While all this seems like a no-brainer, people often come up with plenty of excuses not to keep up with website maintenance. Here are a few that we often hear:
1. My website is a bit slow, but everything else is fine.
Actually, no, everything is not fine. Website speed is an important factor in both user experience and SEO. Pages with a longer load time tend to have higher bounce rates and lower average time spent on the page. Slow loading time has also been shown to negatively affect conversion rates . Additionally, Google has indicated site speed (and as a result, page speed) is one of the signals used by its algorithm to rank pages .
Your website speed can be affected by a number of crucial things, like outdated software, malware, or other issues, and search engines will take note and dock sites for mechanical deficiencies. What’s worse is that sites that don’t install the regularly released updates are more prone to malware, viruses and hacking attempts, which can also work against SEO and potentially get your site blacklisted.
2. No one wants to hack my little old home care website.
This is a common misconception in our industry; after all, who would want to hack a small home care website? However, small business websites are exactly the type of sites that hackers are targeting. Why? Hackers know that many small business owners don’t take the necessary steps to ensure that their sites are updated and secure, and will take advantage of the security gaps in order to install malware that can ruin a website.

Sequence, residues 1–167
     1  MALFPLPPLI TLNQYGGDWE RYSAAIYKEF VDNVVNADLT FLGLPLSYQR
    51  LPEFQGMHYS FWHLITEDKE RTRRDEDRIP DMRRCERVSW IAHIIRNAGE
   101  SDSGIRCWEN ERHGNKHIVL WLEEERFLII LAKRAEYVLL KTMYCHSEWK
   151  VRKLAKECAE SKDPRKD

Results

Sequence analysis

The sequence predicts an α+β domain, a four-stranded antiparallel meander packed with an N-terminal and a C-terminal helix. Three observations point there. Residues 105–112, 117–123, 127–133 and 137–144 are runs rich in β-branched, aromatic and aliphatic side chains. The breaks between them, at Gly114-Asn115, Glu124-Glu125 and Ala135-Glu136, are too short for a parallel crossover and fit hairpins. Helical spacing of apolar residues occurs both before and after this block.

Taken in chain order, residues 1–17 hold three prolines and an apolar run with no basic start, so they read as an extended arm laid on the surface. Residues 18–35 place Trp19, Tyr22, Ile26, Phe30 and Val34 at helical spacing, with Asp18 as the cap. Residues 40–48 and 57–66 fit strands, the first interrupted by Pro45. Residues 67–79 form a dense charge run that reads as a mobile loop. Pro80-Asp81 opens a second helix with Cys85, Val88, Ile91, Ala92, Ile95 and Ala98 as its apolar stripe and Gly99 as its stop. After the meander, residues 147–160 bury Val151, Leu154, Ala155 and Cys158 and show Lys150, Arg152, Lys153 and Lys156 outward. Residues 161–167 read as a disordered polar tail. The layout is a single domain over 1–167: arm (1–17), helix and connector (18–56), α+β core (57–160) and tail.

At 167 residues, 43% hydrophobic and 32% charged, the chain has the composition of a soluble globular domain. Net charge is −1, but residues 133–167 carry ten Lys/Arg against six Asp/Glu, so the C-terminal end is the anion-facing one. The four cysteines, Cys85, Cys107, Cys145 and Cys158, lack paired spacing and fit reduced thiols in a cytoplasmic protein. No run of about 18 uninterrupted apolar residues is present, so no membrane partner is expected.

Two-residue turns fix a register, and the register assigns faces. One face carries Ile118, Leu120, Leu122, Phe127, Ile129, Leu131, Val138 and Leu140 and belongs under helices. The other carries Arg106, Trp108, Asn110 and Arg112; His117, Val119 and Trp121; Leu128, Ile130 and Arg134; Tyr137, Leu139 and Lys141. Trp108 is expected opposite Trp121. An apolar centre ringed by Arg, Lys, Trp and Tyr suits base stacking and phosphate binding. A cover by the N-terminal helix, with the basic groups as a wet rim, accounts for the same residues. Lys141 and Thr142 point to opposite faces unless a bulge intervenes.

Also, it’s important to understand that hackers aren’t sitting around hacking into websites manually. Sophisticated hackers send armies of trolling bots out onto the web to find small business sites that don’t have the latest software updates installed. Keeping up with web maintenance helps to ensure that your site has the most up-to-date security features and patches and is free of viruses and malware.
3. We’ll just clean off viruses/malware if we get them.
Oftentimes, companies take the wait-and-see approach to web maintenance, assuming that if they get hacked, they’ll just deal with it then. The problem is that, these days, it’s not a matter of IF your page will be hacked; it’s WHEN. When a site is hacked and malware is uploaded, it’s often undetectable from the outside. In fact, an infected website may function normally while spreading that infection to unaware users and possibly even other servers without anyone ever knowing until site speed starts to slow or Google itself tags your site as harmful. Once they are discovered, these infections can take a lot of time and money to clean up, and in the meantime, you risk being blacklisted by Google, which will cause your site’s rank to plummet.